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VOL. 46 | NO. 35 | Friday, September 2, 2022

Disney’s not always the happiest place on earth

By Terri Schlichenmeyer

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You’ve never passed up a chance to catch The Mouse.

You might have seen him on television when you were a child, along with Annette or Darlene, Britney or Justin. You’ve caught him on the big screen, in books and comics, on watches and beach towels. The Mouse has been around for your entire life, even when – as in the new book, “Disney Revolt” by Jake S. Friedman – he’s a mouse in trouble.

When you look back at the life of Walter Disney, you can see how an idyllic early life, his mercurial father, poverty and loss shaped him. These things spurred Disney to focus on a new-fangled way to make a living: young Walt loved to draw.

His father, however, thought Walt was “wasting his time,” that cartoons wouldn’t pay the bills. The senior Disney insisted Walt go to work at the failing family business. Instead, Walt, who’d fallen in love with the new medium of animation and had landed a job as an illustrator at an art studio, began thinking about owning his own animation studio. He went into debt several times to do it, which was another harbinger of things to come: As an adult, once Disney had an idea, he’d move mountains to ensure that it became reality.

You could almost say that Arthur Babbitt’s mother was an activist.

“The Disney Revolt: The Great Labor War of Animation’s Golden Age”

By Jake S. Friedman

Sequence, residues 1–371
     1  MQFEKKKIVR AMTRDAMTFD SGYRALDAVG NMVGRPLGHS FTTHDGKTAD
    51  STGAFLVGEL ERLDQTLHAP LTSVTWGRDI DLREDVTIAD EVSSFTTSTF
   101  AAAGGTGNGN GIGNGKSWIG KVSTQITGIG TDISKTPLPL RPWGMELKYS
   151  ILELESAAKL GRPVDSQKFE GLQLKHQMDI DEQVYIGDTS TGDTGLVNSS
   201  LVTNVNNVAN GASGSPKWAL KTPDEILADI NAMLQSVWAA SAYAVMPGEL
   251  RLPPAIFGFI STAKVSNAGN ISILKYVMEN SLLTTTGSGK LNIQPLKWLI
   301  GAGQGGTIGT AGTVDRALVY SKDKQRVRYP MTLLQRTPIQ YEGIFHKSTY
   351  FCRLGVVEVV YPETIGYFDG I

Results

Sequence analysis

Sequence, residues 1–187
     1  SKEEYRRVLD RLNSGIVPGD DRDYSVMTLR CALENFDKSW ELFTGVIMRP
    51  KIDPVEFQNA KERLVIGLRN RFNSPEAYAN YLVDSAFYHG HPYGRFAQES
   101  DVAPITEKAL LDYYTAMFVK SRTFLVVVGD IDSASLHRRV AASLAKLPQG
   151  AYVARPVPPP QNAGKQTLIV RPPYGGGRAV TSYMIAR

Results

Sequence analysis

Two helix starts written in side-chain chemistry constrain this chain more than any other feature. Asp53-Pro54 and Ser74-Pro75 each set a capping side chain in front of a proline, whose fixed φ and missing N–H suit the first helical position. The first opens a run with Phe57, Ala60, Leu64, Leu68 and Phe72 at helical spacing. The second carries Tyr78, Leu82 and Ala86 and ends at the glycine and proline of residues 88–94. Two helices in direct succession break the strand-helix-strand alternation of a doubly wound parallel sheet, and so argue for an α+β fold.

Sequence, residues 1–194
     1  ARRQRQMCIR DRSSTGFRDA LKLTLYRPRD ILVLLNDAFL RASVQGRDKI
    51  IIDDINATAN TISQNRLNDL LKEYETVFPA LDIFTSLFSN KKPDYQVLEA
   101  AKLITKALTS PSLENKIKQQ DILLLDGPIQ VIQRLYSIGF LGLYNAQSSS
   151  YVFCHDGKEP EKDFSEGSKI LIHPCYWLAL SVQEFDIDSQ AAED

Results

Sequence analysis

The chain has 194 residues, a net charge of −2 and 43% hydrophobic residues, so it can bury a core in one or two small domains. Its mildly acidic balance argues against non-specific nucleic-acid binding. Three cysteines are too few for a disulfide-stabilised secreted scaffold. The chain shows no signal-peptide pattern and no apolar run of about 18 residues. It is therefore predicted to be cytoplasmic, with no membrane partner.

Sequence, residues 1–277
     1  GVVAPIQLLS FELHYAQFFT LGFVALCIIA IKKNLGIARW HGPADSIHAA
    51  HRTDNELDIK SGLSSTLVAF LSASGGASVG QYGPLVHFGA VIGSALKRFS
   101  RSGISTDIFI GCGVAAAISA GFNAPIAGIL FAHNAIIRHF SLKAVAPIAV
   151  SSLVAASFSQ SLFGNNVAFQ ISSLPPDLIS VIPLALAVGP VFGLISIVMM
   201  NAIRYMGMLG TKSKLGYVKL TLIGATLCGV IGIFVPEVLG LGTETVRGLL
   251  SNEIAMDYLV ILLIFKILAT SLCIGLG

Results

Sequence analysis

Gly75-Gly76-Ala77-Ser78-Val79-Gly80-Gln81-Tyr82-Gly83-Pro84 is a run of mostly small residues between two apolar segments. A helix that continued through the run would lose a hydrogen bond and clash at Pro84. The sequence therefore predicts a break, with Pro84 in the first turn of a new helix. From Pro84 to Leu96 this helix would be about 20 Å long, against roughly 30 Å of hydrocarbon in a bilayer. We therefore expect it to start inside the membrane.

c.2022, Chicago Review Press

$30

320 pages

She taught her sons to knit for the soldiers of World War I, she gathered food for the poor and celebrated armistice with a one-woman parade.

Her “all-for-one” attitude shaped Art, but he also realized that he had to make his own success.

As a young man, he learned the animation biz at a small studio, clawing for everything he got; when he landed at Disney Productions Studio, he clawed even harder and climbed to the top to become someone Walt Disney was willing to pay very, very well.

But Disney had made a few stumbles in the pre-World War II years, and there were grumbles within its ranks. Rumors flew of bonuses rescinded and layoffs to come – and then Art heard whispers of unionization at the studio.

When you think about Disney World or Disneyland, it can be hard to separate the happy from thoughts of those behind-the-scenes people who make it so. But that’s OK – “The Disney Revolt” does it for you.

It takes a (pleasant) while to get there, though, and you won’t mind. The author begins his story with a deep regret and overview, making readers hungry to watch the growth of both main protagonists while the twin subjects of labor and unions lurk in the background with a tinge of 1940s true crime sinisterness. You’ll then see how everything went awry and how trouble arrived concurrent with the making of beloved childhood movies.

Another happy: “The Disney Revolt” is an easy read with its business aspect and its trip down Memory Lane. If you’re interested in labor relations or if you’ve always been a fan of The Mouse, this book’ll have you trapped.

Terri Schlichenmeyer’s reviews of business books are read in more than 260 publications in the U.S. and Canada.

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